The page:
The Imaging Studies of Pathogens & Cell Interactions Core Facility works on studying and visualizing HIV entry into target cells and its inhibition. The rates and kinetics of HIV inhibition will be evaluated using a new class of entry inhibitors: Allosteric, noncompetitive CCR5 antagonists and CCR5 antibodies. Currently, the lab is focusing on the activity and mechanism of action of CCR5 antagonist sensitive versus resistant viruses using Confocal imaging techniques combined with Beta-lactamase entry assay.
Identifying the most effective inhibitors with the lowest possible side effects could have relevant clinical implications in both anti-viral therapy and vaccine development. In addition, visualizing of virus fusion at the level of individual particles should lead to a better understanding of the mechanisms of virus entry and open new opportunities for therapeutic intervention.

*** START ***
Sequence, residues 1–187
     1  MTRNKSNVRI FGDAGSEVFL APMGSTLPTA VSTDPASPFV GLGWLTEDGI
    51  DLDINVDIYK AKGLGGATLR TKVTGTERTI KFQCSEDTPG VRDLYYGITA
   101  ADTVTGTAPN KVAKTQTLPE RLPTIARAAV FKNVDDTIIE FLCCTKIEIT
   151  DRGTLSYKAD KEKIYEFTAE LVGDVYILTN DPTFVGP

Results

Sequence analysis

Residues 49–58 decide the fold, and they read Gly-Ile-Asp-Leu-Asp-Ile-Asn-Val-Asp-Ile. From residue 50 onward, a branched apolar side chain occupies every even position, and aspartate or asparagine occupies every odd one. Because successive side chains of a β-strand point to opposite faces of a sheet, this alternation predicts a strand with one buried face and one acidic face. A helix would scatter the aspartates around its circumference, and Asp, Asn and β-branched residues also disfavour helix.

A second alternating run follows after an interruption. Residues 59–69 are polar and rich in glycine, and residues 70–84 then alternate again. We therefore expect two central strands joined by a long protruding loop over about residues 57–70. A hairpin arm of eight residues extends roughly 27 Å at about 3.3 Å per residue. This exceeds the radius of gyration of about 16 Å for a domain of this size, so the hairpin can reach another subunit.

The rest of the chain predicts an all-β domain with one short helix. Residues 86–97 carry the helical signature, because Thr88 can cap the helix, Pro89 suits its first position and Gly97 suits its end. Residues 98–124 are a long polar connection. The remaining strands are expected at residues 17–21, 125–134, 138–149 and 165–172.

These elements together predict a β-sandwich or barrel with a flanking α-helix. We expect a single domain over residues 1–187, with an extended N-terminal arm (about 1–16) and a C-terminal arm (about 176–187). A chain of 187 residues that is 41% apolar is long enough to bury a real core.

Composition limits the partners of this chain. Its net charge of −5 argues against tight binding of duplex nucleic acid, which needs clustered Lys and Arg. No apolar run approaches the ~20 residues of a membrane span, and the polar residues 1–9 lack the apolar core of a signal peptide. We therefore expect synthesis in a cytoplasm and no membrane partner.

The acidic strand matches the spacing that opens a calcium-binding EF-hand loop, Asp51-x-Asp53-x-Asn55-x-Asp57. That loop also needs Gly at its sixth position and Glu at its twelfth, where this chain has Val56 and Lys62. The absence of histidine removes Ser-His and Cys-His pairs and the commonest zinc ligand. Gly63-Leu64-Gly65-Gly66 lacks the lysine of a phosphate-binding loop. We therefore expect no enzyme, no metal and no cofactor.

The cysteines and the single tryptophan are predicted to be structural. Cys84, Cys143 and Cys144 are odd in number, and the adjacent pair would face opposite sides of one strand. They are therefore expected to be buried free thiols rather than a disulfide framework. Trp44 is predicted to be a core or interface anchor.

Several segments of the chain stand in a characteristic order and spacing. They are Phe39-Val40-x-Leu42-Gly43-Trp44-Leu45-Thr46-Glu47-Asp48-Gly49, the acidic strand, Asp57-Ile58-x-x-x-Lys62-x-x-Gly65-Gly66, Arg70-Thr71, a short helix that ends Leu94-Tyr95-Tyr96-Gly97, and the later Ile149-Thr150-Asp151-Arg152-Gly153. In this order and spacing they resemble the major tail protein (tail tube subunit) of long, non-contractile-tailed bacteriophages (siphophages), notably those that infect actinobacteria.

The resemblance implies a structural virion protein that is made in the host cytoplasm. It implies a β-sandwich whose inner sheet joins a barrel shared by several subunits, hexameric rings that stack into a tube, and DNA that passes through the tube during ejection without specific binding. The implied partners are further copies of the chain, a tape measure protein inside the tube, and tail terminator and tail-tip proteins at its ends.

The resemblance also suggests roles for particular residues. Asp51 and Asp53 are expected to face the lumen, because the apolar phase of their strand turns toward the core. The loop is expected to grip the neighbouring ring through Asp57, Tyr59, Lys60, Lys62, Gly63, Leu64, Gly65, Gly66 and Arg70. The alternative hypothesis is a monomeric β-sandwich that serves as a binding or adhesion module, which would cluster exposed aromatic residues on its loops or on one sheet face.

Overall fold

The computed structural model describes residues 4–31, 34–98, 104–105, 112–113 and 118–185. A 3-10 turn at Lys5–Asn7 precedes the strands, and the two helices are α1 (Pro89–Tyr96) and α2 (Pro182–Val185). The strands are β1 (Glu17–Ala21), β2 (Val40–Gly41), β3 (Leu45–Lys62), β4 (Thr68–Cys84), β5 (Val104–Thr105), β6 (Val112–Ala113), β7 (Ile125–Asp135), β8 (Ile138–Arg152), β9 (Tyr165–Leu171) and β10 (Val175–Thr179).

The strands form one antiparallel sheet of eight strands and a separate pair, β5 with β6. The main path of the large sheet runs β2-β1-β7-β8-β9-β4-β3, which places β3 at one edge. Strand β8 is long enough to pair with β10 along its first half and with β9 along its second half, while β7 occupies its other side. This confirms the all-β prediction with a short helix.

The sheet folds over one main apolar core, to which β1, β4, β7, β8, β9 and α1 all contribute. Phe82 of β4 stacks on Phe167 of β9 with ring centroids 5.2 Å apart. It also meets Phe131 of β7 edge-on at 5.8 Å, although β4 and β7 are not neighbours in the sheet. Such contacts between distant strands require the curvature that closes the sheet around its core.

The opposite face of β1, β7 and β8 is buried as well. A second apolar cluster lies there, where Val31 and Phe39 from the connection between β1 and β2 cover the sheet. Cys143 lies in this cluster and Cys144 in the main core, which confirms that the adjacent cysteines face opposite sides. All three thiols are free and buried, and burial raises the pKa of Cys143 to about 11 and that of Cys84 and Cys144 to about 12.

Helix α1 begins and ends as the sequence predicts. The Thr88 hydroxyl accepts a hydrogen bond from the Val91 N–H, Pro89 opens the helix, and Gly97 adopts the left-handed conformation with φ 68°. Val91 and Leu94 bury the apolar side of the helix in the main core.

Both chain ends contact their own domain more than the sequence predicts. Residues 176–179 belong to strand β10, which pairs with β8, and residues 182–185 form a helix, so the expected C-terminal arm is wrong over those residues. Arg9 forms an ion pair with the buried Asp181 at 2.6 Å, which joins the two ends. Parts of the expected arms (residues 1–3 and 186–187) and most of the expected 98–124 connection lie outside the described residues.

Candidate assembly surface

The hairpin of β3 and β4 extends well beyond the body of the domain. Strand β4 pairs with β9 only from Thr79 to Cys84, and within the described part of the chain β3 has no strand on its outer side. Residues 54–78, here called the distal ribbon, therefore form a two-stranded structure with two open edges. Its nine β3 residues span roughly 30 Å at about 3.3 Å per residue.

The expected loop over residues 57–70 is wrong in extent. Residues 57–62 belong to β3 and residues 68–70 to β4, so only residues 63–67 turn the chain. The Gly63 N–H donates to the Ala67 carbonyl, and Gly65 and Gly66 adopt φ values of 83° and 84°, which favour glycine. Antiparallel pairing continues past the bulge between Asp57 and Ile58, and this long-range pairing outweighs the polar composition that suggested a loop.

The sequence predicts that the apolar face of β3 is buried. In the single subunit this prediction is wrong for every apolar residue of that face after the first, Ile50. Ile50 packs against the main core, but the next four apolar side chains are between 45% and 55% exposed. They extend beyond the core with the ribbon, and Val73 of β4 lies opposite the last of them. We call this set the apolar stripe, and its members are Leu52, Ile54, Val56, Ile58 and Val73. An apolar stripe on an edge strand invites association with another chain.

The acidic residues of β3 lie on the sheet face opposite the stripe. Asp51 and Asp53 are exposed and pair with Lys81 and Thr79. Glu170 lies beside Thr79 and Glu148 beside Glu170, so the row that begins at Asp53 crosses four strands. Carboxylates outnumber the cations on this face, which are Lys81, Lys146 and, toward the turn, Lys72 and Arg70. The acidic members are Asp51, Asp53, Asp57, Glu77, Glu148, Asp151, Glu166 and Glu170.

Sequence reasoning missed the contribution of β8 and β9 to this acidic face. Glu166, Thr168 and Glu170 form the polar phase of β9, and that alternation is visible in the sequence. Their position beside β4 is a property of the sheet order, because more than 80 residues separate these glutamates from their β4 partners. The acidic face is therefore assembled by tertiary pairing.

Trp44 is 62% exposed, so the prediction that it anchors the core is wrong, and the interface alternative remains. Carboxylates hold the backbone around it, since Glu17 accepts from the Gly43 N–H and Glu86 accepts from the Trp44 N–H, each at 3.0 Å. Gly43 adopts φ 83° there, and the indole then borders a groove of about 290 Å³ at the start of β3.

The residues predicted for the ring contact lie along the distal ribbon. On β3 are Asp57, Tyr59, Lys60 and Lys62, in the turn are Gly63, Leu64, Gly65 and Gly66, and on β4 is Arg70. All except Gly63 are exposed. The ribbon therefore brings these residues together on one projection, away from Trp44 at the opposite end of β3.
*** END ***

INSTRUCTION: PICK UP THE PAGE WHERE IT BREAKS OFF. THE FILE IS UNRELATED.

The Confocal Lab is open and available for collaborative work to integrate our common research goals into the overarching theme of the mission of the Institute of Human Virology.
The IHV has recently obtained a state of the art super resolution microscope (Nikon N-STORM) that can exceed image resolutions of 20 nm in the x-y plane, and 50 nm in the z-axis plane. Achieving a resolution 10 times greater than a conventional optical microscope, the system will make it possible to visualize protein-protein interactions at the sub-cellular and molecular levels. This is particularly important with respect to pathogen-host cell interactions.